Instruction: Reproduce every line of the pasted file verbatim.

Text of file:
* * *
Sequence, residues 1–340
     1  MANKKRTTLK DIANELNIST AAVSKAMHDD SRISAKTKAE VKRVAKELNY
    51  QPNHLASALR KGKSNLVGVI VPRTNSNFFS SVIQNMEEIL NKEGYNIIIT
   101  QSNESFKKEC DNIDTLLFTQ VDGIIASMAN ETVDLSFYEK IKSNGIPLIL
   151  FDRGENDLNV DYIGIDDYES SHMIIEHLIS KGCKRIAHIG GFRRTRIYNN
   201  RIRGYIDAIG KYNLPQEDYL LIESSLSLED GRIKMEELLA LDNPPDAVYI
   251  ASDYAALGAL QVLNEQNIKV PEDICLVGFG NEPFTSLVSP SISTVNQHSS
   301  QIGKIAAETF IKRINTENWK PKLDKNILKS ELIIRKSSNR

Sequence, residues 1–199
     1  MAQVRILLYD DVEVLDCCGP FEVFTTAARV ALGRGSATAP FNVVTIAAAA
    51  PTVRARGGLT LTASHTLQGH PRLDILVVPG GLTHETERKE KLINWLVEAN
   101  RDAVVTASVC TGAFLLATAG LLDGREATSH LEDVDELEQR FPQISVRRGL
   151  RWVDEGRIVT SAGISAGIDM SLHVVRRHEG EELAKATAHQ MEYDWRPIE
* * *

Sequence, residues 1–340
     1  MANKKRTTLK DIANELNIST AAVSKAMHDD SRISAKTKAE VKRVAKELNY
    51  QPNHLASALR KGKSNLVGVI VPRTNSNFFS SVIQNMEEIL NKEGYNIIIT
   101  QSNESFKKEC DNIDTLLFTQ VDGIIASMAN ETVDLSFYEK IKSNGIPLIL
   151  FDRGENDLNV DYIGIDDYES SHMIIEHLIS KGCKRIAHIG GFRRTRIYNN
   201  RIRGYIDAIG KYNLPQEDYL LIESSLSLED GRIKMEELLA LDNPPDAVYI
   251  ASDYAALGAL QVLNEQNIKV PEDICLVGFG NEPFTSLVSP SISTVNQHSS
   301  QIGKIAAETF IKRINTENWK PKLDKNILKS ELIIRKSSNR

Sequence, residues 1–199
     1  MAQVRILLYD DVEVLDCCGP FEVFTTAARV ALGRGSATAP FNVVTIAAAA
    51  PTVRARGGLT LTASHTLQGH PRLDILVVPG GLTHETERKE KLINWLVEAN
   101  RDAVVTASVC TGAFLLATAG LLDGREATSH LEDVDELEQR FPQISVRRGL
   151  RWVDEGRIVT SAGISAGIDM SLHVVRRHEG EELAKATAHQ MEYDWRPIE